Get more Mail & Guardian
Subscribe or Login

One year later, kidnapped journalists’ whereabouts unknown

Western freelance journalists Amanda Lindhout and Nigel Brennan went to Somalia to report on unrest. Three days later, one year ago on Sunday, they were abducted by unknown assailants.

Lindhout, a 28-year-old Canadian reporter, and 38-year-old Australian photographer Brennan were captured on August 23 2008 en route from Mogadishu to visit a refugee camp in Afgooye, a town just outside the capital.

A Somali journalist and two drivers were also taken hostage but were freed after 177 days in captivity. They were unable to identify their captors or motives for the kidnappings.

In September 2008, a local tribal chief participated in negotiations to try to free the pair and confirmed the kidnappers wanted $2,5-million in ransom. In January, the amount was reduced to $100 000.

According to Somali media, the two Westerners had escaped in February and found refuge at a mosque before being recaptured.

So far, the only proof either are still alive were a series of telephone calls at the end of May to media outlets, including to an Agence France-Presse correspondent.

“I have been sick for months. Unless my government, the people of Canada, all my family and friends can get one million dollars, I will die here, OK, that is certain,” Lindhout said, sounding very distressed.

“The situation here is very dire and very serious. I’ve been a hostage for nine months, the conditions are very bad, I don’t drink clean water, I am fed at most once a day,” she said.

“I’m being kept … in a dark windowless room, completely alone.” Brennan made similar calls to Australian media.

Some Somali reports said the tall, blue-eyed brunette from the western Canadian province of Alberta had been raped by one of her captors, and was forcibly wed and pregnant with his baby.

Lindhout said she was unable to take questions when pressed for information during a call to Agence France-Presse.

Since then, no new information has emerged.

Last month, Brennan’s mother Heather confronted Australian Prime Minister Kevin Rudd during a public visit to the Queensland town of Bundaberg, where the family lives.

Rudd later told the Australian Broadcasting Corporation that negotiations were “hard, difficult, complex and sensitive”.

In Ottawa, officials said they have kept strict silence in order to not put the lives of the pair in danger.

While some observers regularly accuse Ottawa of inaction on the file, others say the two journalists had been naive in underestimating the dangers in the region.

Canada’s MacLean’s magazine noted Lindhout, a former beer model, had no formal training as a reporter when she travelled to Afghanistan, Pakistan and Iraq to find work as a war correspondent.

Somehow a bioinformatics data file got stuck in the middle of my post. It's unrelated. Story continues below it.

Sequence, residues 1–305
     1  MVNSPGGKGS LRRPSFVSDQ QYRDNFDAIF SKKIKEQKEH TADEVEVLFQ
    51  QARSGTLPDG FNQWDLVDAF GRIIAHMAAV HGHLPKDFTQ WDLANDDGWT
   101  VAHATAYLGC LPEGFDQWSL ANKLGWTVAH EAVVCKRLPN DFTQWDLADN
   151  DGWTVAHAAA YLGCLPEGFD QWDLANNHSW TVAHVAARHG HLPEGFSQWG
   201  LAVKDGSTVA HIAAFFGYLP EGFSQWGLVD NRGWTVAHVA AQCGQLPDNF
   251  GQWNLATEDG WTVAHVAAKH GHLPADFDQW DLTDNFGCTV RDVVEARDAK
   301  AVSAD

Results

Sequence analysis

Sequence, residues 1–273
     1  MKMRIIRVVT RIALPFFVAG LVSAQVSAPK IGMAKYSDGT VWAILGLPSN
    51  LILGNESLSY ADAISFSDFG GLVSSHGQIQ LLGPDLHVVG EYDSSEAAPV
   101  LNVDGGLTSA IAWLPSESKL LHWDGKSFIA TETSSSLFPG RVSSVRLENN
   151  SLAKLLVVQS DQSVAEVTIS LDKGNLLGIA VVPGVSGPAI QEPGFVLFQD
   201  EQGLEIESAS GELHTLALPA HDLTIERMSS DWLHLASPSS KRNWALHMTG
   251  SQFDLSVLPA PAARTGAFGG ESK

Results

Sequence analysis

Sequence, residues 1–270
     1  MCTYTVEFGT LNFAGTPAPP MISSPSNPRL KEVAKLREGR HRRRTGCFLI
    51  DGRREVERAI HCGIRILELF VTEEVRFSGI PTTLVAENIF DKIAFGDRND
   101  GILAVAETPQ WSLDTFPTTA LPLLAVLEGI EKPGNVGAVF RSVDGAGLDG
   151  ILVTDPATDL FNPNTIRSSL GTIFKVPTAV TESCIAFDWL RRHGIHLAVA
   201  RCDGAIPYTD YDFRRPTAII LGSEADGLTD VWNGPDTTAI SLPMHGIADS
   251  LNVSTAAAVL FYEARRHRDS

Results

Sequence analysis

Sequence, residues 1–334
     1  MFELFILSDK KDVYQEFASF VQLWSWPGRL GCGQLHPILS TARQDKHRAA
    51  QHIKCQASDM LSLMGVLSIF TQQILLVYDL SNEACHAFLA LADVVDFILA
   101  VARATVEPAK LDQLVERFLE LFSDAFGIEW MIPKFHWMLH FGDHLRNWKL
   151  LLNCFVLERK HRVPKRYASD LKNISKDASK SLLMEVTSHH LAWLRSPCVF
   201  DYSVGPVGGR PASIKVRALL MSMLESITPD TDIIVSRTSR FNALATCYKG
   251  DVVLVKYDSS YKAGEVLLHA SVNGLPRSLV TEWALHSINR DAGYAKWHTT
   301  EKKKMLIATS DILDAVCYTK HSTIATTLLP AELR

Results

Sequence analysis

She had some success, but was once briefly detained in Baghdad’s violent Sadr City neighbourhood, which left her with a scar.

On the eve of her abduction in Somalia, she wrote in an email to a friend: “I’m in Somalia trying to get a story … It’s really dangerous. It looks like it’s just warlords and insurgents and a lawless country.” – AFP

Subscribe for R500/year

Thanks for enjoying the Mail & Guardian, we’re proud of our 36 year history, throughout which we have delivered to readers the most important, unbiased stories in South Africa. Good journalism costs, though, and right from our very first edition we’ve relied on reader subscriptions to protect our independence.

Digital subscribers get access to all of our award-winning journalism, including premium features, as well as exclusive events, newsletters, webinars and the cryptic crossword. Click here to find out how to join them and get a 57% discount in your first year.

Clement Sabourin
Clément Sabourin is the AFPs correspondent in Canada

Related stories

WELCOME TO YOUR M&G

If you’re reading this, you clearly have great taste

If you haven’t already, you can subscribe to the Mail & Guardian for less than the cost of a cup of coffee a week, and get more great reads.

Already a subscriber? Sign in here

Advertising

Subscribers only

South Africa’s mothballed ‘supermall-ification’ sets strip malls up for success

Analysts agree that the country has enough malls and that, post-Covid, the convenience of local centres lure customers

Mabuza’s Russian jaunts and the slippery consequences of medical tourism

For more than five years the deputy president has remained steadfast in his right to travel abroad to receive medical treatment

More top stories

The DA is becoming the poster child of the Right

An examination of the language the party uses shows that it is echoing right-wing voices the world over in its insistence that those who point out its racism are, in fact, the real racists

South Africa’s mothballed ‘supermall-ification’ sets strip malls up for success

Analysts agree that the country has enough malls and that, post-Covid, the convenience of local centres lure customers

Ugandan teachers turn to coffin-making after schools close

The Covid-19 pandemic resulted in the country’s schools closing and teachers being left without jobs

Mabuza’s Russian jaunts and the slippery consequences of medical tourism

For more than five years the deputy president has remained steadfast in his right to travel abroad to receive medical treatment
Advertising

press releases

Loading latest Press Releases…
×